|What a free market looks like|
As recently reported on the BBC, stocks fell briefly this week when minutes of a U.S. Federal Reserve meeting were released. This body meets periodically to set interest rates and to schedule the sale of U.S. debt instruments. Economists and investors spend an extraordinary amount of their time leading up to each meeting trying to figure out not only what the Fed will do, but also how it will impact markets, and how impacted markets will impact other markets, and so on.
The price of "freely traded" stocks are therefore influenced by fiscal policy, which in turn is the outcome of a political process. The value of money itself is similarly subject to policy decisions -- even the value of money in countries that have no power to set the policies. Even hints about upcoming decisions in Washington sent stocks tumbling in emerging markets in Asia -- billions of dollars lost in a single day because of possible changes in the way markets were to be manipulated.
Essential assumptions may be introduced at the beginning of a course on microeconomics, and they might just apply somewhere -- as in the land of the pink unicorns -- but the limiting nature of the assumptions is rarely scrutinized in mainstream discussions of finance, economics, or trade. The degree to which trading conditions are manipulated on the real Planet Earth is made very clear in the final scenes of the extraordinary documentary Black Gold, which take place at a World Trade Organization meeting in Cancun. In this film about coffee, we see that trade negotiations held in heavily fortified conference centers are structured to continue favoring the rich, while the U.S. trade representative sneers at negotiators from the global periphery for attempting to take a stand on behalf of poor farmers. This disdainful attitude has been shared by trade officials of both major parties at least since the first Clinton administration, because liberals and conservatives alike know that "American prosperity" could not take place in a completely free market.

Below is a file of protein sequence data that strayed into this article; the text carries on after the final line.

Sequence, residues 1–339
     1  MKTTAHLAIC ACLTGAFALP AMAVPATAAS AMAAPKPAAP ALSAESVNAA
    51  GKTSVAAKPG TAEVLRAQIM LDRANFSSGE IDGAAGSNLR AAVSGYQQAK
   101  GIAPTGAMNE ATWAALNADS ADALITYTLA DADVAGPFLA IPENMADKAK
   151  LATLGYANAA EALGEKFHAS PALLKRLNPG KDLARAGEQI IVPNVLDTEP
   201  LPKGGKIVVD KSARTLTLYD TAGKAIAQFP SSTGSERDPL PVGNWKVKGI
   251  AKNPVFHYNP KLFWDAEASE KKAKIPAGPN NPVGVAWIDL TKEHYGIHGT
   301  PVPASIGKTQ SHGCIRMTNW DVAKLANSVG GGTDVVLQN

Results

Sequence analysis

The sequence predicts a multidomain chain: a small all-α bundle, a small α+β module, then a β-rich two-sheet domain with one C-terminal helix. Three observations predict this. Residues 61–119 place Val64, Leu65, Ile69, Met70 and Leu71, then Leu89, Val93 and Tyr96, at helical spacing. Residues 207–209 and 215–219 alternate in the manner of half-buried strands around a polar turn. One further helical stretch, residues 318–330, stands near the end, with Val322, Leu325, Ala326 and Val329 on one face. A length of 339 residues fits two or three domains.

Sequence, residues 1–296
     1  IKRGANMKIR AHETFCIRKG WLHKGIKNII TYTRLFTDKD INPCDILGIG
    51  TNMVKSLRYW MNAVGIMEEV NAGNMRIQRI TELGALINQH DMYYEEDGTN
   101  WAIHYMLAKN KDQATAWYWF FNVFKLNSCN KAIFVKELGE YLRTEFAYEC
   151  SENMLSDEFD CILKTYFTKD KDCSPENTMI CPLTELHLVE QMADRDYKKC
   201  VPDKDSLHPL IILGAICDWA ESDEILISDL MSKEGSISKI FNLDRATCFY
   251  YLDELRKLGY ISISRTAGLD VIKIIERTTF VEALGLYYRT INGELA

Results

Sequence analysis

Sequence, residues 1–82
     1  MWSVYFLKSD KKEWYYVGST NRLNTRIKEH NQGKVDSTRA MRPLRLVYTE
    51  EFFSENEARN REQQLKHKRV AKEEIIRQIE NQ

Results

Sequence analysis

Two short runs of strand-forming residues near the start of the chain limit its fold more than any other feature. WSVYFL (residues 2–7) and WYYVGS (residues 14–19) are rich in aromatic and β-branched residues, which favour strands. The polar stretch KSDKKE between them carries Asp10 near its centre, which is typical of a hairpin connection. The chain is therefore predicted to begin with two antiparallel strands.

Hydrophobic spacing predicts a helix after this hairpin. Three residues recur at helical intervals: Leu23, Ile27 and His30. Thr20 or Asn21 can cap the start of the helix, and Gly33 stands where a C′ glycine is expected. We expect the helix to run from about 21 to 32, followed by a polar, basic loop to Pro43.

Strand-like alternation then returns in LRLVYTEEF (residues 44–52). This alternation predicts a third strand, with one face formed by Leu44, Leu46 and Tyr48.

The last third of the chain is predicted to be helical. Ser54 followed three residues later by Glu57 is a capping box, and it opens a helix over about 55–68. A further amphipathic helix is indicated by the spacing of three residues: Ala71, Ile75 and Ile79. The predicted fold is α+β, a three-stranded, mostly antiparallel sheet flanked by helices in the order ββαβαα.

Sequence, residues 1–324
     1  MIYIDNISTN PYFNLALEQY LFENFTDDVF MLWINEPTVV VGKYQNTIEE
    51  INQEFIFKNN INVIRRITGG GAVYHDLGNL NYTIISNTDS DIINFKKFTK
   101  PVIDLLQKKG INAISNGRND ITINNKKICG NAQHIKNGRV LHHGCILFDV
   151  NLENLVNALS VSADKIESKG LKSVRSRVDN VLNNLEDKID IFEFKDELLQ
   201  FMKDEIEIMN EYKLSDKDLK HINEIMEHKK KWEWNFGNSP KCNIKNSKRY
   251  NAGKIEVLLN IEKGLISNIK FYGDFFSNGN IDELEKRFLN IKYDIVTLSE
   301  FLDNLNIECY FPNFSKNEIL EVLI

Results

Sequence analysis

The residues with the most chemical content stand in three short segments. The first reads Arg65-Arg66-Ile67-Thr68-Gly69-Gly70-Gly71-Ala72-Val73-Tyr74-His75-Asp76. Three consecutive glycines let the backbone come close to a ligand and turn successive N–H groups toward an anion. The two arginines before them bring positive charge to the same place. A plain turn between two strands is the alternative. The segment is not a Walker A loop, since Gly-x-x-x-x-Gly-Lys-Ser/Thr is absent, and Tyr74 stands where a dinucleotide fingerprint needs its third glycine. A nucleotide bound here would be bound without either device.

|Whew! Just made it!|
But here is the rub: it is also true for most residents of wealthy countries. To believe otherwise is pure fantasy.